Radar

A brand new instrument that can measure wind and precipitation within clouds has just arrived at the University of Leeds. The Facility for Ground based Atmospheric Measurement's (FGAM) newest instrument is a radar capable of measuring clouds and precipitation in extraordinary detail.

Measurements of weather phenomena such as thunderstorms are possible with the new radar. This sort of weather in the UK can cause flooding and high winds that are extremely dangerous and costly to the UK's population and economy. It is expected that the data collected using the radar will lead to improvements in forecasting.

The new FGAM instrument is the only mobile radar in the UK, and will allow measurements to be taken from almost any location. The flexibility of a mobile radar means that meteorologists can target a specific phenomena and get close to collect high resolution data.

Dr Lindsay Bennett who will operate the radar said, 'It would be great to collect data about an intense thunderstorm', going on to say, 'This new radar is exciting because it provides a huge step towards furthering our understanding of what happens within clouds.'

Dr Bennett is an instrument scientist for FGAM, based in the School of Earth and Environment at the University of Leeds. Lindsay has lots of experience working with radars, particularly mobile radars most recently studying thunderstorms in the Black Forest in Germany.

Dr Bennett says 'It's exciting to have this technology in the UK; it means that we can 'see' the processes within clouds.'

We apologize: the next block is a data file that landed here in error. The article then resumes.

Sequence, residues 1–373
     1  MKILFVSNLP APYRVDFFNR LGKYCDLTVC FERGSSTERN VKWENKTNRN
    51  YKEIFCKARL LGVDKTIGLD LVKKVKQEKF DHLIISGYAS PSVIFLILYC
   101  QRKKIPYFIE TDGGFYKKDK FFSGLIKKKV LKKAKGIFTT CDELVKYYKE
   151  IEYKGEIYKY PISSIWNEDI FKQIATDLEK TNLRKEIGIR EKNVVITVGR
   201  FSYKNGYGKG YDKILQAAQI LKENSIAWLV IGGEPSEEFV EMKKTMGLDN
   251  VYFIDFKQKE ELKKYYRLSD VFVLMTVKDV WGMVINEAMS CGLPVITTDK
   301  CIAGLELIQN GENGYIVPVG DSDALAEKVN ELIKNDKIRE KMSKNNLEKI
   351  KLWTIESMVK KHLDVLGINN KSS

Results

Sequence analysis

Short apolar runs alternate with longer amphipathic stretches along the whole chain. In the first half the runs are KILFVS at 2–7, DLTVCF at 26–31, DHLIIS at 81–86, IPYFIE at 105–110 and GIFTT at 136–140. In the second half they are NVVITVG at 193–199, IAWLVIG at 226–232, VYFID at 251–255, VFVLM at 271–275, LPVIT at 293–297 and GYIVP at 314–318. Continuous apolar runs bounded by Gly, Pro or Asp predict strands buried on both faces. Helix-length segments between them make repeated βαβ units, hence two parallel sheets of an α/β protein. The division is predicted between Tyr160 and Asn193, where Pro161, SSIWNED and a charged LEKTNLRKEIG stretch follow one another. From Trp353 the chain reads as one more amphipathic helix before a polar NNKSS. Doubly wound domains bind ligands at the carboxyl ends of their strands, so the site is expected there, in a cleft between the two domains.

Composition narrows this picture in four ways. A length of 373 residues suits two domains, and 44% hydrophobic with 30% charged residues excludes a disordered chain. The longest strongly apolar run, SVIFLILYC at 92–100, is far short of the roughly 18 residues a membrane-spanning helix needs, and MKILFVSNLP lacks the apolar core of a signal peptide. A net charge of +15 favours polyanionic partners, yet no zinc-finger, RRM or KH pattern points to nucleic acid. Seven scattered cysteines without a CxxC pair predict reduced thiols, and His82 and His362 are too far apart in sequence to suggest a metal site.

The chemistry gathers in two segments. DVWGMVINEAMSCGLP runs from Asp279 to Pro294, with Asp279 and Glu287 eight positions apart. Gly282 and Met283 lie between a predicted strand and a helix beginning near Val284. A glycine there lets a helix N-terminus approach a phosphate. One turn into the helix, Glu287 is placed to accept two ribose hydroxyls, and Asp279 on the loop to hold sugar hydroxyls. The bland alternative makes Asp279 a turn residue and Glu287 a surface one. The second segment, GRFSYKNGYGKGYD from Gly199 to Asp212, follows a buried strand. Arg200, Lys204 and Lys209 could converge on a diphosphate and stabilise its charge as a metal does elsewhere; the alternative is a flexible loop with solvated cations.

Manufactured by Selex Gematronik in Germany, the radar uses pulses of electromagnetic energy with a 3cm wavelength. The types of particles that a Radar can 'see' include precipitation and insects. The radar pulse reflects off the raindrops and ice particles in the clouds, and a small amount is reflected back towards the radar receiver. This reflected energy allows the scientists to observe properties such as rainfall intensity and wind.

The interesting thing about the radar being able to see insects is that when there are no clouds or rain drops, the insects can be useful to tell us about the air motions in the lower atmosphere. Using a radar in this way is known as making clear air measurements. The radar also has Doppler capabilities meaning it is able to measure if objects are moving towards or away from the radar.

Additionally this particular type of radar has what's known as a dual-polarisation capability – it can detect differences in size and shape of the objects that the radar pulse reflects off. It can determine if a particle is a rain drop, ice or a hail stone or even an insect. This technology is cutting edge and can provide more accurate estimates of the quantity of precipitation falling from a cloud. This capability is important for understanding the flooding caused by storms.

FGAM instrumentation, including the radar is a facility for the whole UK atmospheric science community. The instruments are regularly deployed all over the UK and often work to compliment the FAAM Atmospheric Research Aircraft. To find out more about FGAM please visit their website.